Yesterday, I live-tweeted my invention of a beef and ale pie topped with a Colcannon mash and bacon-wrapped asparagus. While my pie filling was a conglomeration of beef mince, leftover Christmas gravy, and a splodge of cream of mushroom soup made from further festive leftovers, and a splash of Old Speckled Hen, I think I’ve come up with a method for the beef and ale component of this epic creation.

Excuse the intense close-up of the pie cooling on the stove – my pastry is always a little rustic, even when I cheat with store-bought shortcrust, as I did yesterday. Instead of serving the asparagus as a side, I’ve nestled them in a row in the bed of Colcannon mash to cook along with the pie. While Colcannon mash is about as Irish as it gets, I added a little French touch by cooking the potatoes in a stock made from pouring boiling water and tossing a stock cube into a jar of Dijon mustard. I screwed the lid back on tightly, gave it a shake and tipped it into the pot. And when I made the mash, I tossed in a heaped teaspoon of Dijon for good measure.

This is a great dish to make on a cold afternoon – there’s no point rushing this bad boy. There’s a lot of prep involved so it’s wise to get everything chopped and measured at the start. Make the mash first, set aside, then make the filling while the pastry is blind-baking. Finally, wrap the asparagus in bacon while the pastry gets an extra five minutes to firm up the bottom, then the assembly can begin.

Set aside some time, crank up the music – and a rather labour-intensive but worthwhile beef and ale pie will be yours.

Piled-high beef and ale pie


For the Colcannon mash

200g potatoes, peeled and cut into rough cubes

25g curly kale, roughly chopped

6 spring onions, chopped into petite slices

1 egg

50ml single cream

1 heaped teaspoon Dijon mustard

For the beef and ale filling

40g salted butter

1/2 cup plain flour

300ml stock

250g beef mince

1 onion, chopped

2 cloves garlic

2 peppers, diced

100g mushrooms, chopped

Salt and pepper to taste

1 tablespoon each of dried basil, dried parsley and dried oregano

50ml ale

1 tablespoon tomato paste

1 tablespoon redcurrant jelly

For the asparagus

5-6 asparagus spears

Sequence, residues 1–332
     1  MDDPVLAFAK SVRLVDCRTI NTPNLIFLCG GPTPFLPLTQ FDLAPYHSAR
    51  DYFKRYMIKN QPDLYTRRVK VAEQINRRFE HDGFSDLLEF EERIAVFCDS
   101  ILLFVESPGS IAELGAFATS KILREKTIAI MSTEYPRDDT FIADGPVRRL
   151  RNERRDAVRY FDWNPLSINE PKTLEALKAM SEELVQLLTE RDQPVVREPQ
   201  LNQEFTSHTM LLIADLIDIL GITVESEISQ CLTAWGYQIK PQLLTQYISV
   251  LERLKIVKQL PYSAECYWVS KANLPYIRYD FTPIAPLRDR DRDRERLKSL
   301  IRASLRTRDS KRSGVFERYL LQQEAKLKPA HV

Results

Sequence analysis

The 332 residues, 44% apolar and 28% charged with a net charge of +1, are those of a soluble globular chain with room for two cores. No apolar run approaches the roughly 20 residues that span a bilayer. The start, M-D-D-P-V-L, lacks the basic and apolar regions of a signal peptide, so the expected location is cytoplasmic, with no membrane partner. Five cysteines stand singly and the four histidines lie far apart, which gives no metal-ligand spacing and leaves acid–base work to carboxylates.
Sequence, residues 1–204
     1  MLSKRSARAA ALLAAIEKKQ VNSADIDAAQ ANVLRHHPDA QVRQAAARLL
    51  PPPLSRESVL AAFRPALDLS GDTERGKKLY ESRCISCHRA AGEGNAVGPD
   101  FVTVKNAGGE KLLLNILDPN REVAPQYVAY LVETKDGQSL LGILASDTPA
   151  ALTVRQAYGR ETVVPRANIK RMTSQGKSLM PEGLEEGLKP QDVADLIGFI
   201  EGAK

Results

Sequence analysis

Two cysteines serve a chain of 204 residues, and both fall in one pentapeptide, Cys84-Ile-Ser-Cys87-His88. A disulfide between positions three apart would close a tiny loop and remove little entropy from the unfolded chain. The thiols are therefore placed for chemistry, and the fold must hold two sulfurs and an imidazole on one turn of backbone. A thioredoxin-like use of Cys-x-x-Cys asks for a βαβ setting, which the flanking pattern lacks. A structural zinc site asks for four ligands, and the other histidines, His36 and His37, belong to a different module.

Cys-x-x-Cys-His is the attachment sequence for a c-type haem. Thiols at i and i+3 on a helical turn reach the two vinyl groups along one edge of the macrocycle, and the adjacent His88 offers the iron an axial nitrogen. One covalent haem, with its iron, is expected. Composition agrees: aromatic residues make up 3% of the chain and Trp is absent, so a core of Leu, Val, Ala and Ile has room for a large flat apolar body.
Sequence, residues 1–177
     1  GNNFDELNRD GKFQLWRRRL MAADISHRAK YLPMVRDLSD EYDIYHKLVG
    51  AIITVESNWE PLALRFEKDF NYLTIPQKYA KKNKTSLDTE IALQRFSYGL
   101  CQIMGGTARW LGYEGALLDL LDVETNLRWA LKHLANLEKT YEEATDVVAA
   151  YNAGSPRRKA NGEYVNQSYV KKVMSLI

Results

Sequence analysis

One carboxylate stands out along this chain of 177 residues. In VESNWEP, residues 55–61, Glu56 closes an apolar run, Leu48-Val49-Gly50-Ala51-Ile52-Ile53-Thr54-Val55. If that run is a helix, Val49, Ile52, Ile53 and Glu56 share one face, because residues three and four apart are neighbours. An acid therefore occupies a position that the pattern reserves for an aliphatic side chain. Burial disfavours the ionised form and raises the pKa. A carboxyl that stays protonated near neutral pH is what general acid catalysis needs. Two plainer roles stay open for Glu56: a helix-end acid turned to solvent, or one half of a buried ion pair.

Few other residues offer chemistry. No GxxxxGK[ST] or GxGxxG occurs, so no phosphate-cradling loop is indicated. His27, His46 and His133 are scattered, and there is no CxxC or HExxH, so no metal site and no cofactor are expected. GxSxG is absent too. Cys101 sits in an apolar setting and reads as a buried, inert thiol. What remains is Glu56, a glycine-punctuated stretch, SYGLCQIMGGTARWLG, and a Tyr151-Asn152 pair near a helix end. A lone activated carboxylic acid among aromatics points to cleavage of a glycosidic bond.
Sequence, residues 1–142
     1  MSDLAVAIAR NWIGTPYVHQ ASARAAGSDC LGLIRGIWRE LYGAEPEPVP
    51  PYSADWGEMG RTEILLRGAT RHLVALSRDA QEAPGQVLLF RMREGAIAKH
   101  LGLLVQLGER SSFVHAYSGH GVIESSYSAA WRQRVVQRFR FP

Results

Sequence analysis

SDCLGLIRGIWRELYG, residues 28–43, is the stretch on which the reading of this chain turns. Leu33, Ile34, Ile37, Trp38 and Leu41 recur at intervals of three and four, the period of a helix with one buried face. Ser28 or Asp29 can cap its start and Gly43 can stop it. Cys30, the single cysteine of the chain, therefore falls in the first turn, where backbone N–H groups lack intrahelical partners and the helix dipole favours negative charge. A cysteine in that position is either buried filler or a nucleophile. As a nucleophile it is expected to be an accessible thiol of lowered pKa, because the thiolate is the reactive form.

5-6 rashers of bacon

For the pastry

250g store-bought shortcrust pastry


  1. Start with the mash – boil up the chopped potatoes until soft but not soggy and mash with the kale, spring onions, cream, egg and Dijon mustard. Set aside.
  2. To start the beef and ale filling, make a gravy. Melt the butter and stir in the flour to make a thick, smooth roux and add stock, stirring until you have a nice creamy gravy. Set aside.
  3. Roll out the pastry until it’s about 0.5cm thick and use it to line a pie dish. Using baking weights or baking beans, blind-bake for 15 minutes at 180 degrees C.
  4. While the pastry is blind-baking, fry the onion with the garlic and then brown the mince. Add the ale, remaining vegetables, herbs and spices. Pour over the gravy and cook until piping hot. Stir through a tablespoon of tomato paste and a tablespoon of redcurrant jelly.
  5. Remove the baking weights or baking beans from the pastry case and give it an extra five minutes at 160 degrees C.
  6. While the pastry case is finishing off, wrap each asparagus spear tightly in a bacon rasher. Keep the oven on after you’ve removed the pastry case.
  7. To assemble, fill the pastry case with the beef and ale mixture, spoon the Colcannon mash on top to form a nice, thick layer and then lay the wrapped asparagus spear in a row on top.
  8. Glaze the pastry with a little milk and pop back in the oven for 10-15 minutes. Ideally, serve right away.

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